I have had lots of people ask me to show them how I bind quilts (and other smaller projects) so I thought it was time I took some pictures and videos of my process and share it here!
This tutorial covers making your binding, sewing them into one long strip, pressing your binding and then attaching it by machine to the front of your quilt. A second tutorial will be for how to hand sew your binding down onto the back of your quilt.
Let’s get started! (You can also go straight to my Youtube channel and watch the videos in order there https://www.youtube.com/channel/UCiWZLJEZ2HBe_r_6m-LNEng )
Cutting Your Strips
I cut my strips at 2.25″ by whatever the width of the fabric is (full width of a bolt or just the width of a FQ if I am going scrappy). I have found that unless my batting is very thick, a 2.25″ binding strip is just the right size when I fold it over to the back to sew down 🙂
Once you have the number of strips cut that your pattern has specified, take the first two and place one right side up, and the other right side facing it and at right angles just like in the image below.
You can then mark (with something that can be removed is best) in a diagonal line across the corner. Make sure your fabric is in a little bit on both the top and right sides so that any selvedges are going to be cut off and not included in your lovely binding strip 🙂
When you are first starting out, it might also be handy to pin either side of that line so your fabric doesn’t move as you sew.
You can now sew across that line and then watch this video below to show you how to sew the next strip and the next and then cut them apart.
Then we can take your big long strip to the ironing board and press it.
You will then have a nicely folded big long strip of binding.
I like to wind mine around my Binding Betty or one of my vintage bobbins until I am ready to sew it onto my project
Attaching the Binding
Now that we have our binding in one big long strip, we can start attaching it to our quilt.
I put my walking foot onto my machine to assist with all the layers moving through smoothly and easily. It is possible to do it without a walking foot, but you may get puckers and you may need to help ease it through the machine with your hand.
I also pop on my quilting glove to help me hang on to the quilt (mine has a habit of falling off the sewing table!) Actually, they aren’t actually quilting gloves at all, they are just $3 gloves from Daiso and they work a treat!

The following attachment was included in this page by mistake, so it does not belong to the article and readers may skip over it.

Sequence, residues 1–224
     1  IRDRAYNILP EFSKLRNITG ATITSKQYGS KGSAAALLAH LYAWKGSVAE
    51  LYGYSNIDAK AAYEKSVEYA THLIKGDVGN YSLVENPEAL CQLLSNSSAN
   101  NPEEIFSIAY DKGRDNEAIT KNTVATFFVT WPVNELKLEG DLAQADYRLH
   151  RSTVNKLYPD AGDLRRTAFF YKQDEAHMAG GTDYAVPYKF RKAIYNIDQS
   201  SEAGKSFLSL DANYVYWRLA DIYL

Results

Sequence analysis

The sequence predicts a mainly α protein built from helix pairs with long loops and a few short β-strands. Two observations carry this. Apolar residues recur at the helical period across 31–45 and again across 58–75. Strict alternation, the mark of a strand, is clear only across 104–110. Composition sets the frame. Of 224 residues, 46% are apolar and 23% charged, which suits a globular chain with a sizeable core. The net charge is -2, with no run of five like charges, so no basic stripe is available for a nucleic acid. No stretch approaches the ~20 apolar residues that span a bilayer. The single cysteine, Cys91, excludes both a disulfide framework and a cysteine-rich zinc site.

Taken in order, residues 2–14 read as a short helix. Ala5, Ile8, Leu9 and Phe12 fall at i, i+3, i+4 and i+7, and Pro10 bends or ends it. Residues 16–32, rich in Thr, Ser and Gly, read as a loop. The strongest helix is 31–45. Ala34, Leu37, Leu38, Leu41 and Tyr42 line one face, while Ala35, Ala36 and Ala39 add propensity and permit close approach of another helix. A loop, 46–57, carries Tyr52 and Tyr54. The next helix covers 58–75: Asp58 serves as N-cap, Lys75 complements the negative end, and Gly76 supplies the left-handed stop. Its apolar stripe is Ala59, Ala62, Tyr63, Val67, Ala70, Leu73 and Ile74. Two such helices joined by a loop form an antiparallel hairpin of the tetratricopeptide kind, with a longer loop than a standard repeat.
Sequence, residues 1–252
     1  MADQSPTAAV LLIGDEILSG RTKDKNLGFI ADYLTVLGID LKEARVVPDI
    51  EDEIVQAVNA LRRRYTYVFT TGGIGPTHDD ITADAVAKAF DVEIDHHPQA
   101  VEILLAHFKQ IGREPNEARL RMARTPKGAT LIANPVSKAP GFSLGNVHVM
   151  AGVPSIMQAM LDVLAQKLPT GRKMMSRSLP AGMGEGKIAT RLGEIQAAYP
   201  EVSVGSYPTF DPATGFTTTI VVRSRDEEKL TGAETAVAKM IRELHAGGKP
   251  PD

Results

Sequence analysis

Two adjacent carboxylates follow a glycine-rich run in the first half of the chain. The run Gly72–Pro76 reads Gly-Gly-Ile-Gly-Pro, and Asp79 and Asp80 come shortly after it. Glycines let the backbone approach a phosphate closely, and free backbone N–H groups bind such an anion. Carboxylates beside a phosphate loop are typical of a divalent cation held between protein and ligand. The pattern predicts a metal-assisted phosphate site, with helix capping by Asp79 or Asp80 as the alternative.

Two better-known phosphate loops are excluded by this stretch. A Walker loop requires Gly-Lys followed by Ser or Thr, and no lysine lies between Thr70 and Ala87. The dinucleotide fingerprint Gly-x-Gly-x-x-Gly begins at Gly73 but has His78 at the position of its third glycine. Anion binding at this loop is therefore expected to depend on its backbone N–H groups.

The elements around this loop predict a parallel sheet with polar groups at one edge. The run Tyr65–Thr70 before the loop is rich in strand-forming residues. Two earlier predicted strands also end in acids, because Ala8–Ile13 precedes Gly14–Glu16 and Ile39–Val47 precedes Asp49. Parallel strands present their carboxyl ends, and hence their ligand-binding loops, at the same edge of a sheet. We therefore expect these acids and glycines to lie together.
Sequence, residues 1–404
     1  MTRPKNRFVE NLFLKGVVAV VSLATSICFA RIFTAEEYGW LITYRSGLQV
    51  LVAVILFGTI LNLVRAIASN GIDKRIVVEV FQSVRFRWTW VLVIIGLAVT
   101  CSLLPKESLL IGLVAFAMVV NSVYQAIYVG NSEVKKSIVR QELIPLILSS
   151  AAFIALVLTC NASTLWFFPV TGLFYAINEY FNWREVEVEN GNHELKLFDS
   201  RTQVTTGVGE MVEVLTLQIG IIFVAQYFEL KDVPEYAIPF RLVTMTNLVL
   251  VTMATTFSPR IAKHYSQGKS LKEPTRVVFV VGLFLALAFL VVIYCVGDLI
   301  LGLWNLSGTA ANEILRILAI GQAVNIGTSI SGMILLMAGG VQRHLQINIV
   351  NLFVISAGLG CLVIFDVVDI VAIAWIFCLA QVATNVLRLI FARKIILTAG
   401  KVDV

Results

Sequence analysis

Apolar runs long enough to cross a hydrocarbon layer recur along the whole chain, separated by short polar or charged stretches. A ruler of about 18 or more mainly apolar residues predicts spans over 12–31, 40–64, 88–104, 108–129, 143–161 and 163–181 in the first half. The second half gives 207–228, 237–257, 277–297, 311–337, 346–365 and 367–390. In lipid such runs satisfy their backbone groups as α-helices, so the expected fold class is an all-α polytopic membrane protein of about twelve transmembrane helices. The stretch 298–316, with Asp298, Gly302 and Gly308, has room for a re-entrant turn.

I start in the top right hand corner of the front of the quilt, about 10″ down from the top. But I leave another 8″ of binding strip loose as a tail and therefore only start sewing about 18″ down from the top corner.
Place your binding with the raw edge matching to the edge of your quilt. Then sew a 1/4″ seam from that edge. Watch this video for a visual explanation.
Turning Corners on your Binding
Turning corners isn’t difficult, just take your time. We stop sewing 1/4″ before the corner and either sew a locking stitch if your machine has one, or a few stitches in reverse and then cut your thread.
Now watch the video for how to fold the fabric to turn the corner.
And this is what your corner will look like once it is all finished and sewn down onto the back as well!
Continue on attaching your binding all the way around your quilt until you have just turned the last corner.
Stop just an inch or so down from that last corner and then watch this video on how to attach the end of the binding back to the beginning so that nobody will ever be able to pick where you have started and stopped your binding!
You will now have your binding all attached to the front of your quilt, I like to give it a quick press back away from the quilt. This helps on the next step which is hand sewing your binding around on to the back of your quilt.
I will do another blog post and videos another day to show you how I go about hand sewing my binding onto the back side of the quilt. This is what it looks like when that is done!
Before you know it you will be a whizz at binding your quilts!
And continue on with the Binding Tutorial – Part 2.